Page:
11 October 2012
Leaf-Footed Squash Bug
From the order Hemiptera, which means half-winged, these insects have a partially hardened forewing, while the rest of it is membranous. Leaf-footed means that part of their hind legs are flattened, possibly resembling a leaf. They have sucking mouthparts - a proboscis pierces the plant tissue and sucks out the liquids. While some bugs transmit pathogens, it is unclear whether this one does, although any damage to plant tissue can be an opportunity for diseases to infect the host plant. They also can be a lot larger than other garden pests, measuring a inch or more, including the antennae.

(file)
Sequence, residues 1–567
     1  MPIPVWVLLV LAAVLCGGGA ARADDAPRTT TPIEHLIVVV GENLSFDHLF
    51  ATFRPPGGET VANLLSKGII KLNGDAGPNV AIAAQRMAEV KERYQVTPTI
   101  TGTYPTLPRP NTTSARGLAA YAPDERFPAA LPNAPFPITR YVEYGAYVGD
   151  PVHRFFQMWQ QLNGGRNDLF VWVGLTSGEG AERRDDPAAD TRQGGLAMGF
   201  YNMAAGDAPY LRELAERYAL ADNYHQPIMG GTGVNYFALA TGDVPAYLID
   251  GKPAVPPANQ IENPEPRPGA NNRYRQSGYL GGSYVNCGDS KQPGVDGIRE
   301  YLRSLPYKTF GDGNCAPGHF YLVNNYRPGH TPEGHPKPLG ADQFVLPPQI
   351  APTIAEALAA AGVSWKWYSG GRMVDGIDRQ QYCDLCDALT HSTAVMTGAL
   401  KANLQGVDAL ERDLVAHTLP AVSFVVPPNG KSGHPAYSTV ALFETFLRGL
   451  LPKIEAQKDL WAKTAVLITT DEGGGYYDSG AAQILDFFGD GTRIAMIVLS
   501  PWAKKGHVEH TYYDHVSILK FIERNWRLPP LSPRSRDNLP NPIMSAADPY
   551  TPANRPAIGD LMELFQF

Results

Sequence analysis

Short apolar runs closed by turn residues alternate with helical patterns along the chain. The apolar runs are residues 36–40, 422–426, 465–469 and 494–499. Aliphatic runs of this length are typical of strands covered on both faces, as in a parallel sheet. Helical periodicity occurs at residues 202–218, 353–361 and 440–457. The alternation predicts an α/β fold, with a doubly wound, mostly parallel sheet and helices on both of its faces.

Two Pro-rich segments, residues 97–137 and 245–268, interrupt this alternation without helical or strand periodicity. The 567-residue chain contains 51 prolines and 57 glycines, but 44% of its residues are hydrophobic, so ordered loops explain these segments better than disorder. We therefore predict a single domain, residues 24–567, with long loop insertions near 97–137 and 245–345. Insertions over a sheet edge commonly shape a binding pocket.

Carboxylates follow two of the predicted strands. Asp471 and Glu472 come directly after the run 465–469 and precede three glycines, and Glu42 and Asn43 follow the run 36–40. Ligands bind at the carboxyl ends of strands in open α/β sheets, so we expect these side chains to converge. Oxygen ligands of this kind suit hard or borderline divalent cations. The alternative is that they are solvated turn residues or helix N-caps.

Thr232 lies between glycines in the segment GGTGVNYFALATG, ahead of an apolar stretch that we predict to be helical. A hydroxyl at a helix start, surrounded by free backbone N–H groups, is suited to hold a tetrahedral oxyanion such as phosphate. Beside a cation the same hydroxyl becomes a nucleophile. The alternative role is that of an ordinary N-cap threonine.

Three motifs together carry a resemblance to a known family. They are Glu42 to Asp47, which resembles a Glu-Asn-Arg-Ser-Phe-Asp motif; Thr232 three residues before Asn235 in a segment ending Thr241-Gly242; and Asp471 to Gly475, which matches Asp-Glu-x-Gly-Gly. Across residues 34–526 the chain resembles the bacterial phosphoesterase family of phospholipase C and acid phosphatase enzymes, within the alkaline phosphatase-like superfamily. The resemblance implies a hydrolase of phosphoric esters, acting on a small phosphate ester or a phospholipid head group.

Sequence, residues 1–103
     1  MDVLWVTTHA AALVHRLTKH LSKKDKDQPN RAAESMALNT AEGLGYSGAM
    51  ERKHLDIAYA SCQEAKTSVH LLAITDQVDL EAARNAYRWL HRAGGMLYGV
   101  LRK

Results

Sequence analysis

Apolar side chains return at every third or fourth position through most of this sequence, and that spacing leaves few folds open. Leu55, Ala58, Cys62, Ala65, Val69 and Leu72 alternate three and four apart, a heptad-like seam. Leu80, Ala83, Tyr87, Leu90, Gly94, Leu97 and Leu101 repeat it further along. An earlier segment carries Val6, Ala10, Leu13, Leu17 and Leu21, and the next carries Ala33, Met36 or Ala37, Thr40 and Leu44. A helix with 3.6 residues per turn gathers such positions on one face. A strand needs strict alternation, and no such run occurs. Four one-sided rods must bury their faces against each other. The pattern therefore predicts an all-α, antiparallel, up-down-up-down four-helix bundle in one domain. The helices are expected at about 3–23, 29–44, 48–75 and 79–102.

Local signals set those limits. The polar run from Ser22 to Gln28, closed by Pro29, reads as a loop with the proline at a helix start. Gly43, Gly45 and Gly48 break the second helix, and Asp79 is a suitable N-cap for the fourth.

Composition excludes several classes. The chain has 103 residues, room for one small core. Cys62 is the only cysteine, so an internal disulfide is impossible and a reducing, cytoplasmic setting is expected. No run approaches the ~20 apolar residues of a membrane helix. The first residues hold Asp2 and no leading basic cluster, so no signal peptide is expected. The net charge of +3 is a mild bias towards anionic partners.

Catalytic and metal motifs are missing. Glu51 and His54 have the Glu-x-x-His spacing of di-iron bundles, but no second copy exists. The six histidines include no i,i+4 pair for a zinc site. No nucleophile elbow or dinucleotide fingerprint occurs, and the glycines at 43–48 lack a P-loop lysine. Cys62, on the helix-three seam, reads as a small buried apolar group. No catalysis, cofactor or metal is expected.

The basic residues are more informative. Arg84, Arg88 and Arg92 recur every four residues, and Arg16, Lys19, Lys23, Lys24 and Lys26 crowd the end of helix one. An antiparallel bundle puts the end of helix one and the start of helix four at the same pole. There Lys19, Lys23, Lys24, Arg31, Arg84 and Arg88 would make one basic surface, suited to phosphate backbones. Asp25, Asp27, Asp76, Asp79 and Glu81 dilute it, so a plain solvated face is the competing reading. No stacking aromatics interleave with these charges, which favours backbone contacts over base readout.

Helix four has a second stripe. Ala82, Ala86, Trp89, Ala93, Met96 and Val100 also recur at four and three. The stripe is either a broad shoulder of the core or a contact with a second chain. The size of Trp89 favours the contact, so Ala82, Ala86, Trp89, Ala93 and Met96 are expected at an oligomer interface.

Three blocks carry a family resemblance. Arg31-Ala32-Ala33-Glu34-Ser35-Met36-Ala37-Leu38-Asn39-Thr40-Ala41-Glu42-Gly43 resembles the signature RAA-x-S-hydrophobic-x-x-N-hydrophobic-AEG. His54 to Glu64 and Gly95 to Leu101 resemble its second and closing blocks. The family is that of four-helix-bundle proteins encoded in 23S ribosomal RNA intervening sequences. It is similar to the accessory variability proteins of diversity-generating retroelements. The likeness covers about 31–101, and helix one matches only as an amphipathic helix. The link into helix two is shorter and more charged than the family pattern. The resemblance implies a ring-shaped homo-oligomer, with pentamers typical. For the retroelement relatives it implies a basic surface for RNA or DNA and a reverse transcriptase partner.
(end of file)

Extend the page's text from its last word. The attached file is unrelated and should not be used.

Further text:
In the spring, eggs are laid typically on the underside of a leaf of a member of the Curcubit family - squash, cucumber, pumpkin, etc. In about ten days the eggs hatch and the nymphs begin feeding on the host plant and in about 4-6 weeks they will have grown into adults, having completed simple metamorphosis. The adults don't mate, but overwinter until spring when they emerge, mate and begin the whole life cycle again.
The best control for this pest is vigilance. Check regularly for egg clusters, hand pick individual bugs from plants, remove dead host plants and cultivate the soil, hopefully disturbing their winter resting places.